In my experience, the “stages of grief” are a real thing…denial, anger, bargaining, depression and acceptance. Just start reading through my blog from the beginning, and you’ll see them all here in my writing.

I would add, at least for me, it hasn’t been a linear experience.

Sometimes I go through all of the stages in one day, only to start from the top again the next morning.

I recently read where someone had likened grief to a chronic illness. I think this analogy is perfect.

From the onset of the illness, one might experience anything from a dull ache to crippling pain. One may go through long or short stretches of time in which they are not as plagued by the symptoms of their grief…a remission of sorts. Other days the symptoms are brutal, and plentiful.

Lately I have been feeling better. I have been really working on bringing my focus, gratefully, to what I had (a wonderful father) and to what I have (a beautiful life) and away from what (whom) I have lost.


My Chronic Illness will not allow me to believe that a cure is imminent.

In fact, my Chronic Illness wonders why I have the gall to believe I’m well.  It makes a point of reminding me that I will never be free from it.

My Chronic Illness knows that the best place to flare up is in the car…long road trips especially.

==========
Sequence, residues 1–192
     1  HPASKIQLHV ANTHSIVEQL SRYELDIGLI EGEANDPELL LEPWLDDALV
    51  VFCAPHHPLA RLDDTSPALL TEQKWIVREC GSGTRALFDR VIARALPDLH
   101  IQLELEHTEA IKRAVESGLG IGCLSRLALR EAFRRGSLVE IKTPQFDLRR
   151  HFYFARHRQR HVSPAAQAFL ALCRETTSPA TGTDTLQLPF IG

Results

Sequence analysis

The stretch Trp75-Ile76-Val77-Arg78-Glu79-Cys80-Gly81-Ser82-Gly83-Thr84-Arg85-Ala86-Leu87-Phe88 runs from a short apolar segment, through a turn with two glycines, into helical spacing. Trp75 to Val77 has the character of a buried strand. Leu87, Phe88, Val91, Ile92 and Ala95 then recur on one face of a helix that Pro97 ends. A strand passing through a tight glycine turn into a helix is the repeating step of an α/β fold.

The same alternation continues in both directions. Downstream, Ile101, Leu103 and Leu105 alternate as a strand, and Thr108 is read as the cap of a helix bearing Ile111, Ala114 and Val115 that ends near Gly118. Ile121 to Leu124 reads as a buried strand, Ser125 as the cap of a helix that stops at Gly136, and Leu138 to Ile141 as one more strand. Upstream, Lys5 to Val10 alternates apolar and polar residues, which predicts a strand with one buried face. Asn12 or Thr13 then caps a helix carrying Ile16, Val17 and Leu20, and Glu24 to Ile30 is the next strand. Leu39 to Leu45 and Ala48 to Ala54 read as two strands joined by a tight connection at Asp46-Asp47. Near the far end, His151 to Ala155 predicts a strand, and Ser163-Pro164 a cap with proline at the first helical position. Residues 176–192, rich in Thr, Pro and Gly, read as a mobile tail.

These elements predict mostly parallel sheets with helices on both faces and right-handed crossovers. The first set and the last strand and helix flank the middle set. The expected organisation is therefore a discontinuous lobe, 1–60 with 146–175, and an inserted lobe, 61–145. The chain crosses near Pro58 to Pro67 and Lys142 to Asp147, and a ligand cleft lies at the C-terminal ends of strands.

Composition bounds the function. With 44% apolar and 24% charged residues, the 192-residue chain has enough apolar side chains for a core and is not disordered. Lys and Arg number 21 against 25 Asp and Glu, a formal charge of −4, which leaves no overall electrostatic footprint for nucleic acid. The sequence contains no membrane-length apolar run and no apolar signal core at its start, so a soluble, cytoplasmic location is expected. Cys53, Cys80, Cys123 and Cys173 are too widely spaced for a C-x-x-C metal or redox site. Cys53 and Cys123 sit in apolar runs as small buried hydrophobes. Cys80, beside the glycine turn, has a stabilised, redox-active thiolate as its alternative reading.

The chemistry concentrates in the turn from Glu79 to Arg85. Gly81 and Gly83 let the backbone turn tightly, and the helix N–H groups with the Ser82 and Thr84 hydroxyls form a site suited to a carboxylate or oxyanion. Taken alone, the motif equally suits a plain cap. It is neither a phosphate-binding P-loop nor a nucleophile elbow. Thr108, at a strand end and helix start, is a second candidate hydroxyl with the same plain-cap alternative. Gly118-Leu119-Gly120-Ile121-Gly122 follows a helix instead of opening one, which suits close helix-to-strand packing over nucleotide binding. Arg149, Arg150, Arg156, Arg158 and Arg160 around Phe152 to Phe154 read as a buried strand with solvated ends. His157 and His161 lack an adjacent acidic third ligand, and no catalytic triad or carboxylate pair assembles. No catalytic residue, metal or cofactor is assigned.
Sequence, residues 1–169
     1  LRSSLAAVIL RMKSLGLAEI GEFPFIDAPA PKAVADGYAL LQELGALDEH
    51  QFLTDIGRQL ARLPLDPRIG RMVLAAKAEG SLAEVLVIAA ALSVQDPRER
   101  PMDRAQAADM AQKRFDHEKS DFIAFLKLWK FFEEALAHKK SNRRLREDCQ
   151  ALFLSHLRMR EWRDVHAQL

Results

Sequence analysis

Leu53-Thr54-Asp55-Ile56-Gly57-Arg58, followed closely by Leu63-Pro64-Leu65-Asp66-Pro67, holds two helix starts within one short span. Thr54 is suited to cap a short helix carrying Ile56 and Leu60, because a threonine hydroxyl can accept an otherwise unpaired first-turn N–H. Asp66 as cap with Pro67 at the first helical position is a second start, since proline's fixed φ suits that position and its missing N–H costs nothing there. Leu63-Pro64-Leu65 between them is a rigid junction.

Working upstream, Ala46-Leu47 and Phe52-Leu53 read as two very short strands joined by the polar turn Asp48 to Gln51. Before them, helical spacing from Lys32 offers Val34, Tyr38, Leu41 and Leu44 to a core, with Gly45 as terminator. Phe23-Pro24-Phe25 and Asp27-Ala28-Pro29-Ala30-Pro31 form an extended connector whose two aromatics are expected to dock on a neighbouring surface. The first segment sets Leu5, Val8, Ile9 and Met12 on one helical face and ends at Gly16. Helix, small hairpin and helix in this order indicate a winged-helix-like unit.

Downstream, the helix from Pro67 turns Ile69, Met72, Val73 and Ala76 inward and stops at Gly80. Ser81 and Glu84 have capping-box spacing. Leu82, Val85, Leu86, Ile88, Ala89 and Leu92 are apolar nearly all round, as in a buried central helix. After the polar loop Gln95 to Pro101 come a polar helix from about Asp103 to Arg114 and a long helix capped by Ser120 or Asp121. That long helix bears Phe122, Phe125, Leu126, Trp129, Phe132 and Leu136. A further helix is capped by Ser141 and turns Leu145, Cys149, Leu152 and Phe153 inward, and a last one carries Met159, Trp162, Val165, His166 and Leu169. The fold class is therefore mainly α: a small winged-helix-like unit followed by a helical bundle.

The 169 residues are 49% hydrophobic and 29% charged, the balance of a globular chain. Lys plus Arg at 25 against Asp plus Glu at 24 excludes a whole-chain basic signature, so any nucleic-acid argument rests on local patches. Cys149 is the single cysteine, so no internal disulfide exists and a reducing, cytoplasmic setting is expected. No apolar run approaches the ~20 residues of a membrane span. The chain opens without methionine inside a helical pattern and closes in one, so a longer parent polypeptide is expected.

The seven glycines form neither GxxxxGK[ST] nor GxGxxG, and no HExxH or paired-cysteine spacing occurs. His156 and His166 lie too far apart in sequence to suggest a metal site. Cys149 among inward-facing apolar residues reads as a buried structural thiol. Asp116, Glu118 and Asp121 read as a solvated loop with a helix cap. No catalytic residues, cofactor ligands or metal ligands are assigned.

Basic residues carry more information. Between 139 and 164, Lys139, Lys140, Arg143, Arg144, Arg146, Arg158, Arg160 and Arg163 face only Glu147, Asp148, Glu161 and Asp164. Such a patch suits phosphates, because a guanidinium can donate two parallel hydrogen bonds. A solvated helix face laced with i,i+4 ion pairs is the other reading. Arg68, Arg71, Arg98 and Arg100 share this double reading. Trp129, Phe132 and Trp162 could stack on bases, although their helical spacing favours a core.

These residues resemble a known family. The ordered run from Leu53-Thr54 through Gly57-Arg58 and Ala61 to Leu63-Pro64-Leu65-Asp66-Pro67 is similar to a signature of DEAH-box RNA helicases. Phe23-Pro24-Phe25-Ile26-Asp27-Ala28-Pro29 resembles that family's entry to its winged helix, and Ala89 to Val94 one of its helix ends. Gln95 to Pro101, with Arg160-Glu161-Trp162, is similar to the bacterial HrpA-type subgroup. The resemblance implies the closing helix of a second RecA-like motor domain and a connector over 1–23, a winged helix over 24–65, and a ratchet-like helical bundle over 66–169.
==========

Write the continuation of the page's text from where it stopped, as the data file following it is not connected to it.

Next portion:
It knows I’m trapped.

It whispers…


Don’t you remember what you’ve been through? What you’ve lost?

Don’t you remember that hysterical phone call?

Don’t you remember those nights curled up in the reclining chair because you wouldn’t – couldn’t – leave?

Don’t you remember the neurosurgeon with the smirky nervous tick?

Don’t you remember the cold conference room; the moment they said aloud what you already knew to be true?

Don’t you remember how you foolishly hoped, just for a second, he’d wake up when they took out the breathing tube?

Don’t you remember how he died while your mother had been called out of the room?  How he started breathing again, just for a moment, when she returned?

Don’t you remember holding his warm hand, knowing it was for the last time?

Don’t you remember, Bethy?



{Satisfied, My Chronic Illness retreats again…until the next time.}




6 Comments on “Day 160/365 Chronic

  1. My Dad died Jan. 7, 2017 and I feel your pain. I enjoyed your article!! Thanks for your words, now I don’t feel so alone in my painful grief.


  2. Beautifully written and so very true.

    Wendy Connors deWolf, M.S., CCC-SLP Speech/Language Pathologist



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